in the agencies and at the courts. While the laws would remain on the
books, the agencies' inability to take the actions necessary to assure
that they are carried out would render them wholly ineffective.

EXPOSING THE MYTHS
	A central force behind efforts to move H.R.9 through Congress
has been the horror story of senseless federal action with huge
costs. Without question, where such cases exist they should be
rectified. The problem, however, is that the most prominent and most
repeated of these stories are not accurate. For instance:

...The case of the Florida man imprisoned for unknowingly violating
wetlands laws when he "piled sand in a ditch."

IN FACT, the man, Ocie Mills, bought the land at a bargain price
because the previous owner was ordered to halt dredge-and-fill
activities. Then he openly defied two cease and desist orders by
filling the wetland.

...The case of the "pineapple pesticide," which water utilities say
they should not have to test for, since it could not possibly be in
their water.

IN FACT, the "pineapple pesticide," DBCP, has been found in ground and
surface water across the nation. It was widely used as a soil fumigant
across the country on over 40 crops until it was outlawed for most
uses other than pineapples in 1987 when it was linked to sterility in
workers and identified as a probable human carcinogen. Due to its
persistence, it has been found in 16 of 25 states that have tested for
it, and at levels that exceed EPA's drinking water standard in at
least 10 states.

...The case of the Alaska town that was forced to add contaminants to
its waters, and then remove them, because that was the only way to
comply with the Clean Water Act.

IN FACT, these contaminants (fish wastes from local fish processors)
are routinely dumped into the sewers in Anchorage. Where most
communities around the country have had to build "secondary" sewage
treatment plants, however, Anchorage, along with a small number of
other cities, was exempted. Having obtained this special waiver,
Anchorage now complains about having to meet even the weaker standard
for "primary" treatment.

	This is not to say that real problems do not exist. Clearly,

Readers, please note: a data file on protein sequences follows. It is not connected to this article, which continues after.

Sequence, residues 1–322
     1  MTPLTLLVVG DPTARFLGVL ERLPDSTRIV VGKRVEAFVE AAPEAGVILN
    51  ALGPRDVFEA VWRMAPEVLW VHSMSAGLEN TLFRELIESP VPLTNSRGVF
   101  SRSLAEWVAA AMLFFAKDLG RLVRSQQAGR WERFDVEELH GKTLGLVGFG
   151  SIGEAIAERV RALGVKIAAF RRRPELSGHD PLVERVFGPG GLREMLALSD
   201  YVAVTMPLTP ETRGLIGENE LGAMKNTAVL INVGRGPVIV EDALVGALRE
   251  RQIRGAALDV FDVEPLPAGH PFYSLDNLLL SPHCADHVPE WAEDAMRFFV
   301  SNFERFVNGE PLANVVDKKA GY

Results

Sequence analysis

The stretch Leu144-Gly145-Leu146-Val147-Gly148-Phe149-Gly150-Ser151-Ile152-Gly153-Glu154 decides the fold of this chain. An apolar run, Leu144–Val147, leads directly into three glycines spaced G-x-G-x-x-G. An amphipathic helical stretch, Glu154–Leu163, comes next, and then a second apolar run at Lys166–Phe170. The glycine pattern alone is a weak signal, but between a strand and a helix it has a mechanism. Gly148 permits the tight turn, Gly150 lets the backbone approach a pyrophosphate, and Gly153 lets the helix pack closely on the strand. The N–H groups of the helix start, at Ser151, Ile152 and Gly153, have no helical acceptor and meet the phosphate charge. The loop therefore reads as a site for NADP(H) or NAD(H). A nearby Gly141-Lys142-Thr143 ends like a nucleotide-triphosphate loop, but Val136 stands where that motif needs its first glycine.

requirements that do not make sense should be revised. To seek
sweeping changes, however, that will effectively dismantle our entire
environmental protection system on the basis of horror stories of
unclear origin and validity detracts from genuine efforts to improve
the system.

SUCCESS TO DATE
	Environmental laws enacted since 1970 have been remarkably
effective. This message is seldom heard because the environmental
movement tends to focus on the job left undone. Nor is the media
inclined to see improvements as news.
	Here are some of the achievements that have not been reported
frequently enough-achievements that would not have been possible with
H.R.9 in place:

The CLEAN AIR ACT has: ...Reduced vehicle emissions of hydrocarbons (a
major cause of ozone smog) by nearly 50%, despite a massive increase
in aggregate vehicle miles traveled.

...Reduced the number of areas violating the ambient air quality
standard for carbon monoxide from more than 40 to 9 over the past 5
years.

...Reduced the release of lead in the air by 98%, mostly as a result
of the phase-out of lead in gasoline.

...Reduced the release of toxic air pollutants by 860 million pounds
per year over the past 5 years.

The CLEAN WATER ACT has: ...Increased the percentage of lakes and
rivers that are "fishable and swimmable" (the Clean Water Act's
interim goal) to more than 2/3.

...Increased the percentage of Americans served by effective sewage
treatment from 42% in 1970 to 58% in 1988.

...Reduced the release of toxic pollutants into U.S. waters by over
2.2 million pounds per day.

The EMERGENCY PLANNING AND COMMUNITY RIGHT TO KNOW ACT has: ...Led to
a 35% decline in total environmental releases of toxic chemicals,
including an 860 million pound annual reduction in toxic air emissions
and a 617 million pound decline in toxic wastes injected underground.

The ENDANGERED SPECIES ACT has: ...Helped saved these species from
extinction: grizzly bear, Southern sea otter, Guadalupe fur seal,
whooping crane, brown pelican, peregrine falcon, bald eagle, American
alligator

Measures to phase out OZONE-DEPLETING CHEMICALS have:
...Reduced CFCs by 11 million tonnes.

...Provided conditions that are expected to lead to recovery of the
stratospheric ozone shield over the next half century.

HAZARDOUS WASTE ACTS have:
...Cleaned up the immediate threats at over 2,000 hazardous waste sites.

...Protected the drinking water supplies of over 40 million Americans
from threats posed from 1,300 sites.

The above was excerpted from the National Resource Defense Council's
publication Breach of Faith: How the Contract's Fine Print Undermines
America's Environmental Success.